Introducing Away Days

“One day you will wake up and there won’t be any more time to do the things you’ve always wanted. Do it now!” — Paulo Coelho


Football… What is it about the beautiful game which gets adrenaline flowing, hearts racing, and an unusual ability to turn grown men into blubbering babies?
Life as a football fan isn’t easy. In this day and age it’s expensive to follow, and more often than not a cruel sport for frayed emotions. Yet week by week we go back for more punishment, to be put through the ringer of nerves, excitement, bitter disappointment, and unparalleled joy. I know a lot of people don’t understand this. “It’s only a game” they say, but it’s not just a game is it. To us its far more important than that.
When you’ve supported a club from such an early age its engrained into your mentality and heart. It could be your hometown club, it could be a club you’ve adopted, it could be a club which has family ties, what it is not though is just a game. This is something you adore, a team you love, there’s pride at stake, and it hurts at times. Those who don’t support a team I doubt will ever understand this concept, nor grasp the type of attachment and emotion which comes with it.
Personally, I’ve never felt the desire to go and watch another team from the same country, for me it would just feel like cheating.

The vast majority of fans will never get the opportunity to follow their team around the globe, and as a huge Wolves fan over the last twenty-odd years I’ve begrudgingly come to accept this. However, with the world only getting smaller the popularity of the away day abroad which combines both travel and football, is on the rise.
I’d hazard a guess most football fans have at some point in their life idolized a foreign club, whether that be the Ajax team of the 70’s, the Barcelona of the 90’s, or Milan of the 00’s. There is also the more obscure teams which have developed a cult like status, not so much because of their success, but more to do with a brand of football, style of play, atmosphere, or even location. This is where two passions collide… Travelling the world whilst experiencing new cultures, people, and places both on the field and off it. The rigours and stresses which come with following a team not included, the loyalty to your own team not playing heavy on your heart. This isn’t like cheating on the wife, this is like going to the party with her best friend… Integrity and loyalty still intact.

For me Spanish football has always been an enticing proposition. From a young age I would watch awestruck as they showcased their flair-filled talents in the Champions League… The flamboyancy, the way they used to caress the ball around the field, the star players from Kluivert at Barcelona, to Zidane at Madrid.
Strangely enough though, it was not these two giants but in fact Valencia which really caught my eye. Canizares with that bleached blonde hair, Mendieta a Rolls Royce of a playmaker, and then that man mountain John Carew. Dressed in their white, black and orange, dishing it out to teams which visited the magnificent Mestalla.
I had images portrayed in my head. Warm sunny days, beaches, typical Spanish architecture, and the lifestyle to go with it. It appealed to my wandering mind and elaborate daydreams… Sun, sea, and football.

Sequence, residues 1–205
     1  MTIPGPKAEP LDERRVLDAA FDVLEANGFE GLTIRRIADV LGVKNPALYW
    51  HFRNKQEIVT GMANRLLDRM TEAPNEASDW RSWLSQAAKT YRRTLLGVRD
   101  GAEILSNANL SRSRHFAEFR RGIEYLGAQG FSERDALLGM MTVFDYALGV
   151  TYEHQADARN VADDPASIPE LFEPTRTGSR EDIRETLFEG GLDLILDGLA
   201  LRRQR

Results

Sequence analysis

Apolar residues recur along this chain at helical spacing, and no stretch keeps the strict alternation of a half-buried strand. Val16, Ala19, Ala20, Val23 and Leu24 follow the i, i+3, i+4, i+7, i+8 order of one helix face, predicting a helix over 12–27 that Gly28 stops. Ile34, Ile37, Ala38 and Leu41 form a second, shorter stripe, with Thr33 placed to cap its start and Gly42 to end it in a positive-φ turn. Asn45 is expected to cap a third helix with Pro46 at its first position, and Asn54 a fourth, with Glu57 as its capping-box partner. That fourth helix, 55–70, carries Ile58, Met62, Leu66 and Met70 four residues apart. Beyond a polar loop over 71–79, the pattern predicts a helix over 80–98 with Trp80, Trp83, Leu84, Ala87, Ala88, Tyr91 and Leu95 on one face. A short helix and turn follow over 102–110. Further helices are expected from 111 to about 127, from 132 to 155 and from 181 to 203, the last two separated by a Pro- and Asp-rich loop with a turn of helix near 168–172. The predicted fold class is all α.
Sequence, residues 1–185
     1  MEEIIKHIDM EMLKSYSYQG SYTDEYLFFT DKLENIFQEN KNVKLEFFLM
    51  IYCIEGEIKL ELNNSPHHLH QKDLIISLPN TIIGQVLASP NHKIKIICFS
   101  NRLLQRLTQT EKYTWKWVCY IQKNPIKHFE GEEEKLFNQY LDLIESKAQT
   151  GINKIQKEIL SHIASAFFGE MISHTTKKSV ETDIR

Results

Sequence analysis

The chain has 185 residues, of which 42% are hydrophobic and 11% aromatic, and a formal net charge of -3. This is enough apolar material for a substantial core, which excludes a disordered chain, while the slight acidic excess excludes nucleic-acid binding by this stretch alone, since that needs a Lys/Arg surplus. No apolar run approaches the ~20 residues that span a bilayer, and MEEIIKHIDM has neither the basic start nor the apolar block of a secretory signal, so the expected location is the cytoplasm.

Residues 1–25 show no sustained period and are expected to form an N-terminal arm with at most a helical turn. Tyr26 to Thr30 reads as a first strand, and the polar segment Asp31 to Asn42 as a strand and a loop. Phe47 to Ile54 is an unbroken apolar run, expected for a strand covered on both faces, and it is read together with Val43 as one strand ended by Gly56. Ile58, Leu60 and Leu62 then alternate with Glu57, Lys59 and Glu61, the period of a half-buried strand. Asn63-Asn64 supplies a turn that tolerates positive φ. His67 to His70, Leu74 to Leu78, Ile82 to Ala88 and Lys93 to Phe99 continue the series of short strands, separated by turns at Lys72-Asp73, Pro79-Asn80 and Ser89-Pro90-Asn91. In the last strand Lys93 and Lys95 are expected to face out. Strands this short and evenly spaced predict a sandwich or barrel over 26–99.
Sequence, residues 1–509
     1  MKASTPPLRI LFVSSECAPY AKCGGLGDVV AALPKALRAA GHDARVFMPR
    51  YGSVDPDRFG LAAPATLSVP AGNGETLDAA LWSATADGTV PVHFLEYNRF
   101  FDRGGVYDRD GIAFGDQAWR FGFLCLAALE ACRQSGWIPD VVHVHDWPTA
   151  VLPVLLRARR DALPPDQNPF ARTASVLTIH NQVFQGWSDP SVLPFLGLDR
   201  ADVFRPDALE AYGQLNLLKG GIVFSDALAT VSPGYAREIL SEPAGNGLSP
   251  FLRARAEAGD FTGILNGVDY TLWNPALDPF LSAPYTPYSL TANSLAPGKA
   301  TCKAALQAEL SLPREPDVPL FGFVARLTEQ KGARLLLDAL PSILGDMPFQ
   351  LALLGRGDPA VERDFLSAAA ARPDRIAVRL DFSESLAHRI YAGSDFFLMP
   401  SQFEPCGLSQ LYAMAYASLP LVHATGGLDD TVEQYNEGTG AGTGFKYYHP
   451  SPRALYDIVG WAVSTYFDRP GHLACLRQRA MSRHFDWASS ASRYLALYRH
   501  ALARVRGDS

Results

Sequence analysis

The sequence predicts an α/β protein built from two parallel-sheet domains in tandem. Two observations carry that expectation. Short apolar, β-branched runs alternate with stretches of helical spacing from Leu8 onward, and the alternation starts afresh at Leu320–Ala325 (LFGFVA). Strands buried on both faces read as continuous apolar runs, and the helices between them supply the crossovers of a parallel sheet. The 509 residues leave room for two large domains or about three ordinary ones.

It wasn’t however until the age of eleven that I first went on a proper holiday abroad – A family vacation to the Balearic island of Mallorca. You know what, it rained the entire week. Never the less it was new and interesting, and it was during this trip that due to a young lad from Cameroon who went by the name of Samuel Eto’o, I took a liking to Real Mallorca. I remember sat mesmerized as he dismantled Madrid’s defence, giving the Galacticos superstars a night they’ll never forget in front of a stunned and enraged Bernabeu… I was sold!
Unsurprisingly Eto’o outgrew the over achieving minnows, and his performances earned him a move to Catalan giants Barcelona. In turn Mallorca have unfortunately been on a downward spiral ever since, and although after his departure my interest in them started to dwindle, just for those memories alone there will always be a soft spot reserved for them.
Spain for all its big cities and even bigger clubs has some wonderful smaller hometown teams. Clubs which may be small in stature, but massive in heart and character. Many of which lie in traditional locations overflowing with culture, history and uniqueness. Locations which exude attractiveness, making them a must visit destination for travellers from afar. One such place is Pamplona, home to Osasuna and also home to my other half (who just for the record has no interest in football what-so-ever).

Having visited this wonderful city for the first time back in April of last year, and realising that El Sadar stadium is literally a stones throw away from her apartment, I began to take interest in the team I only really knew from the Championship Manager (later known as Football Manager) series.
At the beginning of the current season they were once again back in the second division, after a disastrous return to La Liga the year before.
Due to my attachments to the place and its people I began following their games, and somehow with an expert use of persuasion managed to convince my partner to take me the next time I visited Pamplona. Credit to her she upheld her promise, and it was truly an experience I will never forget. Something which was all so familiar to me in football, but at the same time all so different and new… I was hooked, and the seed had been planted. Football and travel entwined, the start of my away days bucket list had begun!…

Osasuna: Basque by Name, Basque by Nature


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